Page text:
DraftExpress | ESPN | NBADraft | Stats | Wiki
Power Forward | 6’9 | 220 | UCLA
Projected: Late 1st round
Best Case: Ersan Ilyasova
Most Likely: Marcus Morris
Worst Case: Perry Jones III
Kevon Looney is someone I admittedly haven’t seen much of throughout this past NCAA season. I delved into game tape of him expecting an athletic, lob-catching, shot-swatting type. To my surprise, Looney instead stood out as a hard-working rebounder first and foremost. He also has all the marking of a modern NBA power forward, with a pretty and effective jumper and some decent ball-skills. His strengths lie in similar areas to Christian Wood, who he is directly competing against for consideration late in the first round of this year’s draft. Given that fact and Wood’s athletic and shot-blocking superioty, why is it that Looney seems the more sought after prospect?
In a nutshell, it’s the intelligence Looney plays with. His work on the boards is both technically sound and quite instinctual, allowing him to be successful on both ends despite his slight frame. He isn’t particularly quick off his feet but this allows him to play a smart, technical brand of defense that may not feature on highlight reels but is nevertheless effective. Why would he bite on a pump fake when he knows his limits as a shot-blocker? Watching his offensive highlights, you often see him drifting into useful areas in the half-court or timing his runs well as a trailer on the fast break. All of this makes me optimistic about how he can work as a release valve playing off defensive attention magnets like Harden, Wall or Steph while adequately playing his role defensively.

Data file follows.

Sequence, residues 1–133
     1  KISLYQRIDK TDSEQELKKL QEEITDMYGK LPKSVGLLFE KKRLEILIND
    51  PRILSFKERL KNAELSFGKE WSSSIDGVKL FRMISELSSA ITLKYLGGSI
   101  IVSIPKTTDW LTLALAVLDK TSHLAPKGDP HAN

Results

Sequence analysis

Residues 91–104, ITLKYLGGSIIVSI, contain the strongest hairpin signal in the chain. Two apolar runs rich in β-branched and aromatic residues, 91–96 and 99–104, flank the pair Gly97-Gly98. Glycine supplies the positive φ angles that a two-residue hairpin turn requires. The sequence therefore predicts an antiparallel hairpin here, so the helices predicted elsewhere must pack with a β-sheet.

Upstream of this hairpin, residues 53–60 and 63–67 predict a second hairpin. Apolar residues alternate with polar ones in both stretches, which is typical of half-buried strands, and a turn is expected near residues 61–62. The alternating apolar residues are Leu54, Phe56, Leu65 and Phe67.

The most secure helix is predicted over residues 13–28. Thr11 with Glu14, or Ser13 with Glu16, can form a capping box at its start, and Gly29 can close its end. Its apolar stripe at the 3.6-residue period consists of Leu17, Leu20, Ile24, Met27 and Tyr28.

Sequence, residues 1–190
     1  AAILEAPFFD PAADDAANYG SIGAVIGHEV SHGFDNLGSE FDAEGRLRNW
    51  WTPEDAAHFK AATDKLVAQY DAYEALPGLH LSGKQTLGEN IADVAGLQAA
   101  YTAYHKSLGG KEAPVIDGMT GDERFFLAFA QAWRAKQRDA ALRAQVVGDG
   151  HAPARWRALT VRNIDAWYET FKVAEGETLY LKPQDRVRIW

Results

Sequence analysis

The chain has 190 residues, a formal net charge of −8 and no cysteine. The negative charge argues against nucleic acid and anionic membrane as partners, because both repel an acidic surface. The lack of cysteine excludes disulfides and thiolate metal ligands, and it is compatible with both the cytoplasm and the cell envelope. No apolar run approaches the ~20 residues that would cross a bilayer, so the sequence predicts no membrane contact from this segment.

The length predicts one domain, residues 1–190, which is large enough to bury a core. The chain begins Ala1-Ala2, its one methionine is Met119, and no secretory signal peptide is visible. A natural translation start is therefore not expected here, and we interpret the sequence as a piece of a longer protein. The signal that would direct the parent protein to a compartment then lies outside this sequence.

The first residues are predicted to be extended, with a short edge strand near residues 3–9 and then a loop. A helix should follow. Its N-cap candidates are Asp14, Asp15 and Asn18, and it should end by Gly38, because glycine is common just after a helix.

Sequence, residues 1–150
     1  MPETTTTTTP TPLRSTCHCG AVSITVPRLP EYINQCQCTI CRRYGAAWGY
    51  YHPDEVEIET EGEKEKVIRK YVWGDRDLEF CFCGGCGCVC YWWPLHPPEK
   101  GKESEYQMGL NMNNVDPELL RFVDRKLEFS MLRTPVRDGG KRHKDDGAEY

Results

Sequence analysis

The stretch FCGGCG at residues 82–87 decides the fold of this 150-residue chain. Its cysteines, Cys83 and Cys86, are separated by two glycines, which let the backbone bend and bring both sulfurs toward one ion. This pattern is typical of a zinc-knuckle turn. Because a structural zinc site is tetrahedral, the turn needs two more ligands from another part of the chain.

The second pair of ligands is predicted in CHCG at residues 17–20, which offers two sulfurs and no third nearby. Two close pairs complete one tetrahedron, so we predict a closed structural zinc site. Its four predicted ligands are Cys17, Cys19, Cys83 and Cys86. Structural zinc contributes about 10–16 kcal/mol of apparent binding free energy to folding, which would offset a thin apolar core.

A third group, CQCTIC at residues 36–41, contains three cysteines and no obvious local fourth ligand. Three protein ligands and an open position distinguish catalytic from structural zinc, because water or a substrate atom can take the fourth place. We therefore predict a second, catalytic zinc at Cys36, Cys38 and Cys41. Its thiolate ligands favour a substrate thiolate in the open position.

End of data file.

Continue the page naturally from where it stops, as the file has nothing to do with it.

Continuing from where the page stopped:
It’s not all good news though – if Looney was simply a smart, natural ball-player who impressed as a freshman against strong competition, we’d be talking about him as a lottery pick. Indeed, some of the points I made above in his favour hint at his limitations. He works well playing off other good players but outside of rebound putbacks, he cannot create his own offense. In fact he’s poor in the post on both ends, with no real go to move offensively and not enough bulk to compete effectively on the other end. This lac of creativity resulted in Looney scoring at a pretty mediocre rate in his lone season at UCLA (bottom 10% among Top 100 college prospects in DraftExpress’ database). This concern could be allayed somewhat if he had coupled low bolume with high efficiency but despite stretching the floor and hitting the offensive glass, his true shooting percentage (FG% adjusted for the added value of three pointers and free throws) was also in the bottom 10% among his peers. Hitting an unimpressive 48% of his two point attempts and just 62% from the stripe, Looney may be the type of prospect that just physically can’t finish all the opportunities his natural feel for positioning and space affords him.
Looney’s limitations as a scorer and athlete have resulted in what might seem like a fairly underwhelming upside comparison in Ersan Ilyasova. I would give Looney a better shot at reaching that upside than many of his peers however, making him more of a safe pick in my mind. Nevertheless, I don’t hanker for the Blazers to be the ones making that safe pick. For a contending franchise looking to put the last few pieces of the puzzle together, I can see Looney making perfect sense. For a young playoff team on the rise, I can see his heady play working brilliantly next to precocious All-Star guards and bigs. For those stuck in the limbo between those more fortuitous categories, a shot in the arm type is needed. A difference making impact player. That’s simply not the future I see for a made to order role player like Kevon Looney.